The issue of scope of practice is front and center in Florida right now with the expansion of what nurse practitioners (and nurse midwives) are legally permitted to do. The newly enacted 464.0123 allows for qualified APRNs (there is specific criteria) to practice independent of a supervising physician in the following areas of medicine–primary care, family medicine, general pediatrics, and general internal medicine.
Even more, assuming they meet the membership criteria for admission to a healthcare facility medical staff, they may admit patients, manage patient care, and discharge patients. One of the only preserved connections with a physician established by the law is if the APRN practices at a healthcare facility, a transfer agreement including a physician is required. Additionally, the new law establishes a Council On Advanced Practice Registered Nurse Autonomous Practice, two members of which are appointed by the Board of Medicine and an additional two appointed by the Board of Osteopathic Medicine.
When the Governor issued Executive Order 20-72, essentially shutting down any healthcare service that isn’t urgent, it sent the entire Florida healthcare industry into a tail spin. In recognition of that fact, many industry trade groups circled back to Florida government and sought clarification. Attached is one report of such a clarification issued by the Florida Medical Association.
The FMA interpretation of Executive Order 20-72 is that only medically unnecessary, non-urgent or non-emergency procedures or surgeries are prohibited. This has been confirmed by staff at the Florida Department of Health in communications to the FMA this morning.
The Department of Health also confirmed that Physicians can continue to see patients for purposes of evaluation and management. Telemedicine visits can continue unabated. Primary care practitioners can continue to see and treat patients with chronic and acute conditions, perform wellness exams, and provide mental health services, that do not consume personal protective equipment. Specialists can see patients for follow-up care and other non-surgical purposes.
The medical care prohibited under this order is: • elective or non-medically necessary surgical procedures • surgical procedures that can be postponed without putting the patient’s immediate health, safety or well-being at risk • medical procedures that would consume personal protective equipment, that can be postponed without putting the patient’s immediate health, safety or well-being at risk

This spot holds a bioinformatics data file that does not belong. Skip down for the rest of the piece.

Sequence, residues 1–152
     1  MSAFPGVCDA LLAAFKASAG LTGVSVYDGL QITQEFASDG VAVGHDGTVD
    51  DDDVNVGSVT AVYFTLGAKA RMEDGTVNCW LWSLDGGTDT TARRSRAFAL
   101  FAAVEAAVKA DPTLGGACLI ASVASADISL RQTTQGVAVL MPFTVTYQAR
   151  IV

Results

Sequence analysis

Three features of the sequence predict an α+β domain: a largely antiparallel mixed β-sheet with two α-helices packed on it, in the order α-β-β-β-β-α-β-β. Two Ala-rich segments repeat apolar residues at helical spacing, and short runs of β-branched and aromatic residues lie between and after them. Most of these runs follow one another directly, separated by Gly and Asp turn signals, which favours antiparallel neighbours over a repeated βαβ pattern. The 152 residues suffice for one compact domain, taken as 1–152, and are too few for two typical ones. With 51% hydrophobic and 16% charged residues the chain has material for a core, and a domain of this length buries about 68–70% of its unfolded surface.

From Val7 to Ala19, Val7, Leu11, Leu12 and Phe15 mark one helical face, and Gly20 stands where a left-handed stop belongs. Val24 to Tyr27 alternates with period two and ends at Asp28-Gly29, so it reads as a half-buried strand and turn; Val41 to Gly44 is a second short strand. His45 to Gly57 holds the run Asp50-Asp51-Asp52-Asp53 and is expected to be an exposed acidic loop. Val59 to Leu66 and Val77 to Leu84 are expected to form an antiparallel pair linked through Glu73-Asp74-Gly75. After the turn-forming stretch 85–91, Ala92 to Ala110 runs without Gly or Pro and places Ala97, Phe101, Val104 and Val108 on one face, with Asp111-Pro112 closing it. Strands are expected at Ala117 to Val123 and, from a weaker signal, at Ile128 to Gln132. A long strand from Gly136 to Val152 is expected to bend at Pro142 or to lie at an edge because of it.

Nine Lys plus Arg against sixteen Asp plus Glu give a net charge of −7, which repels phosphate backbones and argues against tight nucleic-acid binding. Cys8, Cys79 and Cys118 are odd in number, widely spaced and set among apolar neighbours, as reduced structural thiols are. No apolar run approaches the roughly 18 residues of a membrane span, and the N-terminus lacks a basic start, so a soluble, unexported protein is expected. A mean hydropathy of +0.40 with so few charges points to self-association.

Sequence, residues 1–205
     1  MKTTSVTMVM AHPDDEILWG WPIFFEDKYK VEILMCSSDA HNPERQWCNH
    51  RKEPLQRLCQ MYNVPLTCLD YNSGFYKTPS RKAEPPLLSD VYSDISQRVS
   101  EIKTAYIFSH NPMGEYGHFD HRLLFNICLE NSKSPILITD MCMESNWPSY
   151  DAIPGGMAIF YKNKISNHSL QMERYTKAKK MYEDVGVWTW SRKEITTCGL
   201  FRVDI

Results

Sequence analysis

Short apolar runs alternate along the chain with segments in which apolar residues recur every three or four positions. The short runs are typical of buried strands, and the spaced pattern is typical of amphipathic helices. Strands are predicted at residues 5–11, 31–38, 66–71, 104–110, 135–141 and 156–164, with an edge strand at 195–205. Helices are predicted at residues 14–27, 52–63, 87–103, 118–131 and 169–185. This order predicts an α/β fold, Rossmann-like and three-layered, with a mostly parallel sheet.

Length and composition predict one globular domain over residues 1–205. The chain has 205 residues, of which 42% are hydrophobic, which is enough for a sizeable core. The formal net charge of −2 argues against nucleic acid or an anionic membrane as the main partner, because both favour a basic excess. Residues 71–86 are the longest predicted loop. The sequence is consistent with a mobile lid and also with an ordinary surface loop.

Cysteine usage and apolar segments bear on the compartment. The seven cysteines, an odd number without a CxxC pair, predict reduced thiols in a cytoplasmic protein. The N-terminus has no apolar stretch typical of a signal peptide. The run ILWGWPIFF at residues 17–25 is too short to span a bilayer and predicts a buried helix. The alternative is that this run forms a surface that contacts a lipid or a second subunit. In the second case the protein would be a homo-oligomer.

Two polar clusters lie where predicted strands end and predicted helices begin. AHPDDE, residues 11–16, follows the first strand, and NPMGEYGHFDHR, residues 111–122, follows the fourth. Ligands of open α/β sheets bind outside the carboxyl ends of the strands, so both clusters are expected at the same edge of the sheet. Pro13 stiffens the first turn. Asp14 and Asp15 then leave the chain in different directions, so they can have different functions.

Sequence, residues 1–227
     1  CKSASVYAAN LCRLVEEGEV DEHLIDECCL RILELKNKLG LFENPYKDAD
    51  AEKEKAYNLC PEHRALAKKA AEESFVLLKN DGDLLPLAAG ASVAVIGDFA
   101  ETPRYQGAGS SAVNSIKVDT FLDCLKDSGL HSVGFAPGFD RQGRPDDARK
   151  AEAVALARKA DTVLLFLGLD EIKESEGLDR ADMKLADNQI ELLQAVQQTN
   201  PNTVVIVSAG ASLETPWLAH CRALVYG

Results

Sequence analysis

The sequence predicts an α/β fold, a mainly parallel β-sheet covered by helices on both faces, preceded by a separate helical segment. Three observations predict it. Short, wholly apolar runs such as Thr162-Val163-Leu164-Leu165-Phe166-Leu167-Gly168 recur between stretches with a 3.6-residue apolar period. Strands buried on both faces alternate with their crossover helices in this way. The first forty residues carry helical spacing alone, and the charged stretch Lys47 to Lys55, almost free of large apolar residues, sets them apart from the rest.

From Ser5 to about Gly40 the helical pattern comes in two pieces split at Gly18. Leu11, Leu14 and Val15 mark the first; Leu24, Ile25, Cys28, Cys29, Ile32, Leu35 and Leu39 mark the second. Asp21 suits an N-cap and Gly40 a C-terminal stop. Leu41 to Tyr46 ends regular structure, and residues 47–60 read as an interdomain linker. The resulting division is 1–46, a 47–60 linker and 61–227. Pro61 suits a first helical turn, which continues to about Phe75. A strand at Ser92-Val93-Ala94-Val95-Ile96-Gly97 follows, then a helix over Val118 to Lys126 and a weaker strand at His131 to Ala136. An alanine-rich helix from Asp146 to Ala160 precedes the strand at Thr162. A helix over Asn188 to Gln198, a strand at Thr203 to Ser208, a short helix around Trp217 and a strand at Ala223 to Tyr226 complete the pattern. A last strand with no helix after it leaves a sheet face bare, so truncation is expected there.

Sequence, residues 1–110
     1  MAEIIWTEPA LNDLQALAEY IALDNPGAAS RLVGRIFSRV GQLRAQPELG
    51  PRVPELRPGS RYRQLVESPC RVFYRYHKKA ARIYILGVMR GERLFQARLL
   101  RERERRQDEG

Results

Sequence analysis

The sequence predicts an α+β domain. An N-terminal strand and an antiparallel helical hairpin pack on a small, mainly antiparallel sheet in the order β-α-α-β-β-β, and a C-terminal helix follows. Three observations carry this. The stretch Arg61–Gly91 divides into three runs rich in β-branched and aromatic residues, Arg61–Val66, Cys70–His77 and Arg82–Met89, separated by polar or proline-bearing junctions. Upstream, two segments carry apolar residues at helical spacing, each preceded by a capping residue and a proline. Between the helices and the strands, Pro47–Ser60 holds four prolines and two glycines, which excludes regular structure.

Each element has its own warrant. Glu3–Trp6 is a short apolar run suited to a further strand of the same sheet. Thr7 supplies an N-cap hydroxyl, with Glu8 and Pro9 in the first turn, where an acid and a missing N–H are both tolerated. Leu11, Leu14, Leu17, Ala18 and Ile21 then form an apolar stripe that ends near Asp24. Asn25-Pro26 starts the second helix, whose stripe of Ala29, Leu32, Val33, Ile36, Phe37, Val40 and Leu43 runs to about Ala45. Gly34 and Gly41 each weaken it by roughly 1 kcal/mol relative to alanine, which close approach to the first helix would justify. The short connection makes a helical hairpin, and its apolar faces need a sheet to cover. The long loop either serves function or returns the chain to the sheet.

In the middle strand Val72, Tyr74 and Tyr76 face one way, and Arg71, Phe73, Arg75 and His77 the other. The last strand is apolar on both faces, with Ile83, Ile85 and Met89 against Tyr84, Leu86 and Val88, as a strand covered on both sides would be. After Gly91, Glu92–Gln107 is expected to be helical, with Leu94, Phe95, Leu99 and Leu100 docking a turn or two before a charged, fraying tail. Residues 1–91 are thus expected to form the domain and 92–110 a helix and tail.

Physicians should consult the CMS recommendations for additional guidance. We understand the negative impact this will have on countless physicians and their patients. The FMA will be here to help guide you through this unprecedented event. If you have any questions please contact the FMA General Counsel’s office at firstname.lastname@example.org or call 850 224-6496.
CMS has rolled out a telehealth/telemedicine tool kit to assist medical professionals with health care delivery during the current COVID-19 public health emergency.
The toolkit contains information and links concerning:
1135 Waivers – allows the Secretary of HHS to temporarily waive or modify certain Medicare, Medicaid, and Children’s Health Insurance Program (CHIP) requirements to ensure sufficient health care services and items are available to meet the needs of individuals enrolled in Social Security Act programs during the emergency and that providers who provide services in good faith can be reimbursed and exempted from sanctions (provided there is no determination of fraud and abuse). 1135 waiver or modifications include:
Conditions of participation and other certification requirements;
Program participation and similar requirements;
State licensing requirements where services are rendered as long as the provider has equivalent licensing in another State (for Medicare, Medicaid, CHIP reimbursement only; State licensing still controls whether a non-Federal provider may provide services in a state he/she is not licensed in);
EMTALA sanctions for redirection for medical screening, as long as redirection is not the result of discrimination on the basis of a patient’s source of payment or ability to pay;
Stark self-referral sanctions;
Adjustment (not waiver) to performance deadlines and timetables;
Limitations on payment to permit Medicare enrollees to use out of network providers in an emergency situation.
Florida’s Governor passed an Executive Order Friday which essentially shuts down all elective medical treatment. The Order (20-72) only allows “non-urgent or non-emergency procedure or surgery which, if delayed, does not place a patient’s immediate health, safety, or wellbeing at risk, or will, if delayed, not contribute to the worsening of a serious or life-threatening medical condition.”
Join Florida Healthcare Law Firm Attorney Chase Howard on our free webinar titled “How can you transform your business to be prepared for future situations like COVID-19?”
Faced with the reality of remote operation, we’ll talk about how your business prepare to thrive in a similar scenario in the future.
What to do with remote staff when it comes to contracts, operations and patient privacy.
How do Federal regulations impact telework.
Could expanded telehealth laws ease the transition to remote care in a future crisis.